iMovie for iOS is a super powerful app, although it does differ from iMovie on the MacBook. The following video is a good place to start if you’ve never used iMovie for iPad. It’s only 9 minutes and well worth a look! You may need to rewatch certain sections of the video, so I have included times so you can easily skip to the section you’re looking for.
This introduction video shows you how to:
import footage from the media library (1:38) and delete what is not needed (1:50)
split clips or reorder them in the timeline (2:30)
screen jestures (3:10)
add music (3:30)
add titles and transitions (5:33)
colour-correction and filters (add to individual clip or entire video) (6:07)
Adjust volume levels (7:13)
Add in fades for clips and/or audio (8:15)
If you’ve already use iMovie on the iPad, this second video might be more useful for you. Learn how to master iMovie for iOS with these top 15 mobile editing tips and tricks.
The tips highlighted include:
Use quick-snap feature to quickly see the start or end of your video
Add and delete freeze frames
Apply filters to your clips (video or images)
Rotate clips in the viewer
Apply audio fades
Crop or re-frame clips
Use theme transitions
Keyboard shortcuts *applicable for those with Bluetooth keyboards
It’s important to organise the information we share through our blogs to allow users to effectively access previous posts. Two ways to do this are through categories and tags – but what are they? How are categories and tags different and why should we use them? In the following video, Bec shares the different ways categories and tags make it easier to organise your blog’s content.
The following tutorial steps students through setting up a Story for a specific class in DX. Stories can only be set up by students and shared within your class. Sharing can be between you and the student, the student and selected students or between the student and the entire class. Content that can be shared using a story includes text, images, video, audio and other files linked from OneDrive.
How can I use DX Stories in my class?
Stories can be useful when established as a journal, updated regularly by the student.
They can be used as a way to collect and share ideas with the class.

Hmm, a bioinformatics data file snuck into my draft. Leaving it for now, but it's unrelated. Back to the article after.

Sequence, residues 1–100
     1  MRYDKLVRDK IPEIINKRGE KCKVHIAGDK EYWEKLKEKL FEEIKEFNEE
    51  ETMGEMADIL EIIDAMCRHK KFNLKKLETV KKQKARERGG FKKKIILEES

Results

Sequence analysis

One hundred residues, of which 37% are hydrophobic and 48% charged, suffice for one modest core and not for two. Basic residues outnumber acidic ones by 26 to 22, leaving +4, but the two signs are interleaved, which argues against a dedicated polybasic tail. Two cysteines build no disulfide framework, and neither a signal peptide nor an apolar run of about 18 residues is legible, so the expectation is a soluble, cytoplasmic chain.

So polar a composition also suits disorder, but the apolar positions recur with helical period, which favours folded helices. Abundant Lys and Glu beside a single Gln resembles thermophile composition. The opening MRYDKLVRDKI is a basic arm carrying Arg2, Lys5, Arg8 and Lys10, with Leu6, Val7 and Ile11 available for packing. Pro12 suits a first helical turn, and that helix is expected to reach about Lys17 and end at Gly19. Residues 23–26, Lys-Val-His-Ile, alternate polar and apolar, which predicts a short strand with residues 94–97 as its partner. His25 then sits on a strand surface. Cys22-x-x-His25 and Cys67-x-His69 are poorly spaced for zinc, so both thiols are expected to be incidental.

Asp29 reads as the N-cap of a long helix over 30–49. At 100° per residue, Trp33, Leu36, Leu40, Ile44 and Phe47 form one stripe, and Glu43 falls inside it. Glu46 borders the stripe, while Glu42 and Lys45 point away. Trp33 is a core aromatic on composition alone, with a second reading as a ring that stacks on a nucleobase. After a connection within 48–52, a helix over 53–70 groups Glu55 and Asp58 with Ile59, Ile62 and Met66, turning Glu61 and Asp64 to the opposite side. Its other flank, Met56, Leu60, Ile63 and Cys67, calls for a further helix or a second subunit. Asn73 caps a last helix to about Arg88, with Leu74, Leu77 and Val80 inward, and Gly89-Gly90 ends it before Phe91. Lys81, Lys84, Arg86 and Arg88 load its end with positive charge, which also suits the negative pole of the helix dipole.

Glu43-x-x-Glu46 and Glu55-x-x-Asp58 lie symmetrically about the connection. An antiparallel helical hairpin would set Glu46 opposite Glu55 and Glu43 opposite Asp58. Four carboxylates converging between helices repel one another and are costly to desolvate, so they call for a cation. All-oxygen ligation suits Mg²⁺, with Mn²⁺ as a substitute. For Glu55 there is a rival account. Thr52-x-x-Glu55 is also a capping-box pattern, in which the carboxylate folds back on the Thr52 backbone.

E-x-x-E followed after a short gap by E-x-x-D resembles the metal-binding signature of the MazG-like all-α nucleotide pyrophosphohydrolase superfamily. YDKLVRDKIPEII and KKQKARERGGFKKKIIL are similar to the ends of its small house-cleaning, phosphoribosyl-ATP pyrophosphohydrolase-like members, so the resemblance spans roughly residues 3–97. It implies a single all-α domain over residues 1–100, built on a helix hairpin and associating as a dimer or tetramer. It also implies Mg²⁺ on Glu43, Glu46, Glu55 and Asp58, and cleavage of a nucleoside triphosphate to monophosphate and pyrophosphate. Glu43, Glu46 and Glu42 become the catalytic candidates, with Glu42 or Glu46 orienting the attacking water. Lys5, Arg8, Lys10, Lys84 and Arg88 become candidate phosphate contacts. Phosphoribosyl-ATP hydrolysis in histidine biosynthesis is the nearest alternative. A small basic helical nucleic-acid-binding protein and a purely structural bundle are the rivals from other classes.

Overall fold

They can be used as way to receive feedback from the class when making decisions about a topic for further investigation.
Time Machine is a great backup tool but it can cause some challenges when you leave ISB and want to move your files to a new Mac. This is because our ISB laptops are closely tied to our ISB systems. They work great when your are here but you don’t want your new laptop checking in with ISB’s servers when you’re on the other side of the planet!
This tutorial shows how to move the files you need from a Time Machine Backup to a new computer without getting the files that will tie it to ISB’s servers.
Note: This tutorial assumes you have already started up your new laptop and have an account. If you haven’t, do that now before going on to the rest of this tutorial.
Step 1: Open the external hard drive that houses the Time Machine backup folder (Backups.backupdb)
Step 2: Open Backups.backupdb and navigate to the Latest folder.
Step 3: Drill down to find your Users folder. (Have a look at the picture to see how I drilled down to Mr. Hamada’s User folder.) Leave this window open.
Step 4: Open a new Finder window. From the Go menu choose Home to open your Home folder on your new Mac. Position the two open windows side-by-side so you can see them both.
Step 5: On the Time Machine drive open the Desktop folder. Select all the files in the folder and copy them to to the Desktop folder on the new laptop. Repeat this for the rest of the folders in your User folder.
Note Do not copy programs from the Applications folder to your new Mac. Your new Mac should have the most up-to-date version of all the software already on it. If you find you need an app that didn’t come with your new computer, it’s best to download a new copy from the internet.